Alaska Wildlife Parks, Zoos, Aquariums

Want to be sure you get some winning shots of wildlife on your vacation? Visit these venues across Alaska.

They are the homes to real Alaskan wildlife. And many locations double as rescue and rehabilitation centers.

You can often take a behind-the-scenes tour, too, to get up close and learn even more about the species that live there. At the Alaska SeaLife Center in Seward, connect with an octopus arm to arm in the Octopus Encounter, or feed a puffin on the Puffin Encounter. Near Anchorage at the Alaska Wildlife Conservation Center one option is a Bear Encounter, where visitors participate in their daily training and feeding.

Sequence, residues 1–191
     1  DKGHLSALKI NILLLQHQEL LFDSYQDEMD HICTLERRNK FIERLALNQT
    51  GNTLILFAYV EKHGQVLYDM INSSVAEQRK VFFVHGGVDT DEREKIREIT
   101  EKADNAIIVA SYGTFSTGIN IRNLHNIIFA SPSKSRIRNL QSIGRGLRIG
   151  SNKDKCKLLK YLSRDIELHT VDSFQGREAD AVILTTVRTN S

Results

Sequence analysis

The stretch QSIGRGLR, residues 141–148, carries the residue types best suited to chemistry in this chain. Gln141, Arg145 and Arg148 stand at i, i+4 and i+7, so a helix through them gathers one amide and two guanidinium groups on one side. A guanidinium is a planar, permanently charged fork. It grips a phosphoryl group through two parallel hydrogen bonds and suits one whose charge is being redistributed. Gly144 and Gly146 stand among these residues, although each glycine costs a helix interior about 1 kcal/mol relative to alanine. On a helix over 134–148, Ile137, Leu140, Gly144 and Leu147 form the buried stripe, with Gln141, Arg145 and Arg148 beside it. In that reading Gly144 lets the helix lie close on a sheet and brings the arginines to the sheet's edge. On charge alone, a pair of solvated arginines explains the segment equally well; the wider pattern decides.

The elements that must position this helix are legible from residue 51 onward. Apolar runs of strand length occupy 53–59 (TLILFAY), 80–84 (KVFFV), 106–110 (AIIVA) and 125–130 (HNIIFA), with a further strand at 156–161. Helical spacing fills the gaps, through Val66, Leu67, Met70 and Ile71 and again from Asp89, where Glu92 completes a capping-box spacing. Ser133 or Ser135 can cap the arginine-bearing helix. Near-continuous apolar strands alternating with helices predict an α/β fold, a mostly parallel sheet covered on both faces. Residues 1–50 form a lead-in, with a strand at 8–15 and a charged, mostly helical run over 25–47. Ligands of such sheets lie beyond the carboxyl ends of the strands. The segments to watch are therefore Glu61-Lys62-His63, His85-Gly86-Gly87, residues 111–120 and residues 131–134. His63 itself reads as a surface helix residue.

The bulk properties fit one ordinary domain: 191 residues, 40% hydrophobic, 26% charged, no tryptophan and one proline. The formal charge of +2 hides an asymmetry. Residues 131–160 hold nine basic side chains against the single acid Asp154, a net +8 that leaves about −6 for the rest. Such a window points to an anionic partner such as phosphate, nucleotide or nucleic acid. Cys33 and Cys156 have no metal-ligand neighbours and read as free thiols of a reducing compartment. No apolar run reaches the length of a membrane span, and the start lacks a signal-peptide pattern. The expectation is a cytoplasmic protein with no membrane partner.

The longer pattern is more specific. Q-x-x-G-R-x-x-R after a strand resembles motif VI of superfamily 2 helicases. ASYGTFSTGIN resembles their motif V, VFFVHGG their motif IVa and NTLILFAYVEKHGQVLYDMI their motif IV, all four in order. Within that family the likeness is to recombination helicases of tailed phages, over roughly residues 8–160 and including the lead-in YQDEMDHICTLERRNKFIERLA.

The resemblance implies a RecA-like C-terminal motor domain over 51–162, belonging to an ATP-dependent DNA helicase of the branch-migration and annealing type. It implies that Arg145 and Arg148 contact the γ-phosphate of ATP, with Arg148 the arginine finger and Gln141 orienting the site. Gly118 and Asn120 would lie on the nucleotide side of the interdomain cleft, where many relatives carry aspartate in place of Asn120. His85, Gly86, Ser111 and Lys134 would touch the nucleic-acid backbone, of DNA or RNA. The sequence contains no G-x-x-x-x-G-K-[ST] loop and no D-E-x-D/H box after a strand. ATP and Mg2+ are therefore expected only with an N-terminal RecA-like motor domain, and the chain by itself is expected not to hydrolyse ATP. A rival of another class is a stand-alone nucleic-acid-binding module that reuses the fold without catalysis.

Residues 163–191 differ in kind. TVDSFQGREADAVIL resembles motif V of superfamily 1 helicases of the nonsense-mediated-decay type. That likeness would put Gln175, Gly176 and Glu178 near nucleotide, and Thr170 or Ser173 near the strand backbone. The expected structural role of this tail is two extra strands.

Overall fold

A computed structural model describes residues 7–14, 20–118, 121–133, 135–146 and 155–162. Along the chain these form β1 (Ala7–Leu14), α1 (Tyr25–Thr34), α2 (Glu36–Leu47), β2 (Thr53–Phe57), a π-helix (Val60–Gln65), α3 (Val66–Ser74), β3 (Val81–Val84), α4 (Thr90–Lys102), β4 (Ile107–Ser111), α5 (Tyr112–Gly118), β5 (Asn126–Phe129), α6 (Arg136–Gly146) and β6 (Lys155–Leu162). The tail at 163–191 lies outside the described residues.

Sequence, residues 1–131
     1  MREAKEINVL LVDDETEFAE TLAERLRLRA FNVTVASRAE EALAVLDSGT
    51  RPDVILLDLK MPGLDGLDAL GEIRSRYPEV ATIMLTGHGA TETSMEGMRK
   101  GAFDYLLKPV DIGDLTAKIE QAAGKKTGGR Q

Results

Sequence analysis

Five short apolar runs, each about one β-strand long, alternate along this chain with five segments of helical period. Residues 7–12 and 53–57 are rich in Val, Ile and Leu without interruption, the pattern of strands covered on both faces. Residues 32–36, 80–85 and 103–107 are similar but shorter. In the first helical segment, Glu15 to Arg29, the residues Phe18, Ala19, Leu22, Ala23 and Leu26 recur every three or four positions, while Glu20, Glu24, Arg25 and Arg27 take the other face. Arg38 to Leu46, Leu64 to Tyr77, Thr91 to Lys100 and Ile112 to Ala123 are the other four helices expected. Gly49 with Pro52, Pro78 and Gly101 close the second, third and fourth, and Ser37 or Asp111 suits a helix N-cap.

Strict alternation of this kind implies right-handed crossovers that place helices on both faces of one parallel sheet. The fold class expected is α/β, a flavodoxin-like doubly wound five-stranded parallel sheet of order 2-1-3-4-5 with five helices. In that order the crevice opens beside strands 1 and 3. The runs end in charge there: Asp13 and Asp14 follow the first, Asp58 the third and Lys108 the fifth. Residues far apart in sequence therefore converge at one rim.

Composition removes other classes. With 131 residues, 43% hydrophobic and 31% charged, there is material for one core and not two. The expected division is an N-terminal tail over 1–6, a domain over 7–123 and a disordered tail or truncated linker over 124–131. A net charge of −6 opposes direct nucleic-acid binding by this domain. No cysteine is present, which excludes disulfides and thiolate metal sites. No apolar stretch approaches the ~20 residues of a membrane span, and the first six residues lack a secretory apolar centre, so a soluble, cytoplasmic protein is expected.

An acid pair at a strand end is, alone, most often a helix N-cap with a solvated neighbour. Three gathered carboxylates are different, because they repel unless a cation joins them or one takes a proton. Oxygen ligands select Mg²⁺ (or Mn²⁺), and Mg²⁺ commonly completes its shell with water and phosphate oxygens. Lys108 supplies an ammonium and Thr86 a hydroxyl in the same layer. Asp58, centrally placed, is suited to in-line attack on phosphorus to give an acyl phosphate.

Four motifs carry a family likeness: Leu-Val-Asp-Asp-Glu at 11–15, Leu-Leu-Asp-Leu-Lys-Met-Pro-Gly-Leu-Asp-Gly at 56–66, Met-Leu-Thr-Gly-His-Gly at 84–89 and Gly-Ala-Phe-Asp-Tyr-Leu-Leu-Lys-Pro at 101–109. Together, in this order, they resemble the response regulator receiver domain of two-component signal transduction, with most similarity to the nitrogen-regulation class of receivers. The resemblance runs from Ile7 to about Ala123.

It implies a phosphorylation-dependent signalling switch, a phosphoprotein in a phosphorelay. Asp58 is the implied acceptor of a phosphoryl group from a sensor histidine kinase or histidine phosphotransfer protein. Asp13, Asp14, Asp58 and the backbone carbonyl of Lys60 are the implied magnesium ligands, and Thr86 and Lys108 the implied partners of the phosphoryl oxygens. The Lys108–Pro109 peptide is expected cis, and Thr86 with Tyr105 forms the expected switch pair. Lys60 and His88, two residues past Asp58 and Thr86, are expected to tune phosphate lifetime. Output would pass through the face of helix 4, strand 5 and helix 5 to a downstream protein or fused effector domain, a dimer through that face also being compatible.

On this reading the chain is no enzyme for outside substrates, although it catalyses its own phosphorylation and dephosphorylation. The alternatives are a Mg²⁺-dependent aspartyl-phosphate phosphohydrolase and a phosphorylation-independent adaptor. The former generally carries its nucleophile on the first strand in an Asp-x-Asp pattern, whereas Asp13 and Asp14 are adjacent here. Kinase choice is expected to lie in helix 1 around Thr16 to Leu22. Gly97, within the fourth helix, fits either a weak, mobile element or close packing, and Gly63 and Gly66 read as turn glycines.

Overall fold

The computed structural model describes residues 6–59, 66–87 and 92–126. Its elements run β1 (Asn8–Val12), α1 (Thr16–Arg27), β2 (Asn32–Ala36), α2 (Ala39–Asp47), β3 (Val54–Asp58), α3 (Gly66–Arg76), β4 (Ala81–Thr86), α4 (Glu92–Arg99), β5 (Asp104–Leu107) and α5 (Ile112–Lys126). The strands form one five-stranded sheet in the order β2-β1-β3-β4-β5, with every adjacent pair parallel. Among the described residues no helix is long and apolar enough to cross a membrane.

Any of these venues are must-see stops if you're traveling with kids!

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Wildlife Parks, Zoos, Aquariums


A great place to vis­it with the fam­i­ly, this exten­sive cen­ter includes a salt­wa­ter touch tank and inter­pre­tive dis­plays on wildlife and the fish­ing indus­try. It’s also a base for marine research. There is a 3,500-gallon, 10-foot cylin­der aquar­i­um where you can watch the species of the cold salt­wa­ter envi­ron­ment sur­round­ing Kodi­ak. The touch-tank will let you look, han­dle, and learn about the vari­ety of species in the area’s tide pools: sea…  ...more



Season: Year Round $17 1.5 - 2 hrs

The Alas­ka Zoo start­ed in 1966 with one baby ele­phant named Annabelle that was won in a con­test. Since then, it has expand­ed to include over 77 ani­mals across 25 acres of the Anchor­age hillside.